This 15-foot-tall curved screen conveyed selling points for Select Comfort Corp.'s SleepIQ technology.
Soft, pastel-toned color washes bathed the booth and created a serene atmosphere for showcasing Select Comfort Corp.'s products.
Bedroom Set
Sometimes an eye-catching setting is all you need to get attendees to focus on a new product, especially when the aforementioned item is the star of the show. To that end, Select Comfort Corp., the maker of Sleep Number beds, created a fitting aisle-side display at the International Consumer Electronics Show. The company placed one of its signature beds on a 12-foot-diameter platform, behind which stood a 15-foot-tall curved screen. Content, such as a call to "make suggestions" and a detailed explanation of its SleepIQ technology, was projection mapped to conform to the contours of the screen and convey the main selling points of the product. Color washes in soothing pastel tones completed the scene and created a serene atmosphere befitting the booth.

Staffers encouraged attendees to have their faces photographed using Intel Corp.'s RealSense technology. The image was then projection mapped onto the head of the statue.
A 20-foot-tall, human-like statue beckoned attendees into Intel Corp.'s booth.
Personalized Projection
Intel Corp. and its exhibit house, Taylor Manufacturing Industries Inc. (The Taylor Group), worked with audiovisual firm Fuse Technology to create an audience-centric activity in its exhibit at the International Consumer Electronics Show. In the middle of Intel's booth stood a 20-foot-tall, human-like statue posed as if it was about to kick a massive soccer ball underfoot. Staffers instructed each attendee to stand directly in front of a computer while a camera captured a 3-D image of his or her face. Within seconds, Intel's proprietary RealSense technology, coupled with specialized projection software, produced a digital representation of the attendee's face that was then projection mapped onto the head of the statue. The intriguing activity not only put a face to the Intel brand, but also afforded staffers plenty of one-on-one time with the show's attendees.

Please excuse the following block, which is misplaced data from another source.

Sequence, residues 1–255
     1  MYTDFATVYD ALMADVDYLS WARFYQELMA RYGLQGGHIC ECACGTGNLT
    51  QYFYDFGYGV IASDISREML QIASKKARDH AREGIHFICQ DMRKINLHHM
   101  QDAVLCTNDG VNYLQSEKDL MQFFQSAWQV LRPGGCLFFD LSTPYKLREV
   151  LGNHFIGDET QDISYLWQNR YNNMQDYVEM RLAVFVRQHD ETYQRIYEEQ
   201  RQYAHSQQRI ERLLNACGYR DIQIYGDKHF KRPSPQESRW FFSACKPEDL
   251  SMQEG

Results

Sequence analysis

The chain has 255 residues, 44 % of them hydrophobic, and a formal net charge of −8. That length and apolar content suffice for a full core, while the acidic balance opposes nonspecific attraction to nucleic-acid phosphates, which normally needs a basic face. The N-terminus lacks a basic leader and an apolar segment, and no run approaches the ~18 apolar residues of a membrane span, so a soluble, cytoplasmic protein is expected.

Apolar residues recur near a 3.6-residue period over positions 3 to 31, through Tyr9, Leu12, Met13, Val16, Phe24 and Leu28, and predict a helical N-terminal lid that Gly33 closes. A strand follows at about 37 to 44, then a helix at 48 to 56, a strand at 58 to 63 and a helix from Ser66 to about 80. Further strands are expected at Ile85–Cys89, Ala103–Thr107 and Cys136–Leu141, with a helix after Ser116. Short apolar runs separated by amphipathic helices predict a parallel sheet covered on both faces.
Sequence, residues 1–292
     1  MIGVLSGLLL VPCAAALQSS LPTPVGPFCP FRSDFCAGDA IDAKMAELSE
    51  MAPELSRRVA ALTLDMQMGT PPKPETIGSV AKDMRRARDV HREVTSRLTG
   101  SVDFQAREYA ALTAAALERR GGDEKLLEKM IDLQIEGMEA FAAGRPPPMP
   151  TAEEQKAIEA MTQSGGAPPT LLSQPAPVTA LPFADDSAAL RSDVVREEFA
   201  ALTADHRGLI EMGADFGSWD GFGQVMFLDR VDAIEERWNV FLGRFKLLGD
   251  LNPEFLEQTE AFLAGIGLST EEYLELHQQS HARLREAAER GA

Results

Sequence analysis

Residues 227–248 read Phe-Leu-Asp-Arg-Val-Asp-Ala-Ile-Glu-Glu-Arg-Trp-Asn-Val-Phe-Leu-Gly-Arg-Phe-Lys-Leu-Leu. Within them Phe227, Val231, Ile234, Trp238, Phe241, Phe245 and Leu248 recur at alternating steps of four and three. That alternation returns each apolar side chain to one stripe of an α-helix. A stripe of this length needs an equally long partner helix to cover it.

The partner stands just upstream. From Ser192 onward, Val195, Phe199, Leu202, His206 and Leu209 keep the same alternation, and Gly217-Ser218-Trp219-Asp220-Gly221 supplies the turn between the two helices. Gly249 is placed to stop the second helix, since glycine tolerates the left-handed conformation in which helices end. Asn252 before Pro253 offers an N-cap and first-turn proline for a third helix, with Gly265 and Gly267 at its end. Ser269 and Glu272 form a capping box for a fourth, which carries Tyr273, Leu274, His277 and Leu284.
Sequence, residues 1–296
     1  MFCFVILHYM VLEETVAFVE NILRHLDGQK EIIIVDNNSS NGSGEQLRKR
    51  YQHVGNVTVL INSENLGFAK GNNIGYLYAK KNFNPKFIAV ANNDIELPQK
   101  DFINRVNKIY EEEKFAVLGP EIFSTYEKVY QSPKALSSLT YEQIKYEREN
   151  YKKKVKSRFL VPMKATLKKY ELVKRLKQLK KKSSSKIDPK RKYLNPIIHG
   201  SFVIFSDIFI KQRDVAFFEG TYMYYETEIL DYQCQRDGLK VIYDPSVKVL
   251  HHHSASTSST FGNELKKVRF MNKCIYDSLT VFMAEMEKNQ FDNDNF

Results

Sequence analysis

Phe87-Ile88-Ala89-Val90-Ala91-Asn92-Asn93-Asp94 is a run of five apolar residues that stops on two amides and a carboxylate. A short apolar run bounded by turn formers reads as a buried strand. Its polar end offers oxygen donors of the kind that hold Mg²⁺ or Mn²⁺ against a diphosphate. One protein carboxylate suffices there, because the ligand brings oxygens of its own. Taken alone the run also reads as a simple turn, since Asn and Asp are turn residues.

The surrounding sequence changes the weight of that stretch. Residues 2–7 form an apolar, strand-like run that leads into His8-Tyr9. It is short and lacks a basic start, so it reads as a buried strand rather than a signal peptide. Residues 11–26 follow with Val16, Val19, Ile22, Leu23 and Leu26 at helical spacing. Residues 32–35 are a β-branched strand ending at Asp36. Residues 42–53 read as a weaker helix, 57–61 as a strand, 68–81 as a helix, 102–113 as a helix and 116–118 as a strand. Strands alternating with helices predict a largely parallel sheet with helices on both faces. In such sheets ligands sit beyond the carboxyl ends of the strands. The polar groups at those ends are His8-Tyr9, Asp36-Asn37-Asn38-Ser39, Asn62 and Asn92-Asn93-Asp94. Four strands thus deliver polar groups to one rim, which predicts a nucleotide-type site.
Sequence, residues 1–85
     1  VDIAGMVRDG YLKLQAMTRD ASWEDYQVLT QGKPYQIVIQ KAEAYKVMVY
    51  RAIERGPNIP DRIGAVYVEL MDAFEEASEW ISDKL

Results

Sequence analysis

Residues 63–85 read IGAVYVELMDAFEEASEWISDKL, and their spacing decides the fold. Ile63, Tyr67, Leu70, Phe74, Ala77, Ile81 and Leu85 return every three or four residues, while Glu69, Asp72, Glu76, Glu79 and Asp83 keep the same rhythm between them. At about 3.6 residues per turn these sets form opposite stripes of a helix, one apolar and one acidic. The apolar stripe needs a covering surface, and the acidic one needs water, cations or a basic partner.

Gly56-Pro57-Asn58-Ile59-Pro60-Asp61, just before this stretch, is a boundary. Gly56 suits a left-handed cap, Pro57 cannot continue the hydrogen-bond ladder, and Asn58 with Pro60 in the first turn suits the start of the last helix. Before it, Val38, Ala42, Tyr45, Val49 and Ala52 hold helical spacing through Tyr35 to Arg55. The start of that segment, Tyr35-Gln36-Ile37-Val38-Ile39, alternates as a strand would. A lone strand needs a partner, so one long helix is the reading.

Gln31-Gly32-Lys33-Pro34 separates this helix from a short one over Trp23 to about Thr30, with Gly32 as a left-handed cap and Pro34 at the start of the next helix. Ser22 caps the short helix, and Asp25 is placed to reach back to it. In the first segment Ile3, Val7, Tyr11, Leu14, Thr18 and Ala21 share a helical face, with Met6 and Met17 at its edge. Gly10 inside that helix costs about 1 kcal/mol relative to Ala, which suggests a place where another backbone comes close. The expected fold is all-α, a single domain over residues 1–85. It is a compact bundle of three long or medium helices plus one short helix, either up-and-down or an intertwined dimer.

Imagery projected onto the scaled-down model of Northrop Grumann Corp.'s B-2 Spirit included patriotic clips and highlight reels of the aircraft in action.
Bombs Away
To showcase the champion of its product line, the B-2 Spirit, Northrop Grumann Corp. dazzled attendees with a projection-mapped recreation of the famed 172-foot-wide stealth bomber at the Air Force Association Air Warfare Symposium. Northrop's exhibit house, Signal Hill, CA-based Bowman Design Group, created a tensioned-fabric structure in the same shape as the aircraft, but with a wingspan of a mere 16 feet, and rigged it to hang parallel to the show floor. Northrop's audiovisual supplier, Boston-based AVFX Inc., provided the equipment and technological know-how to projection map video content onto the recognizable silhouette, including patriotic imagery and footage of the B-2 Spirit in action. While the projection-mapped display was certainly no match for the actual aircraft, attendees were nonetheless astonished by the spectacular substitute.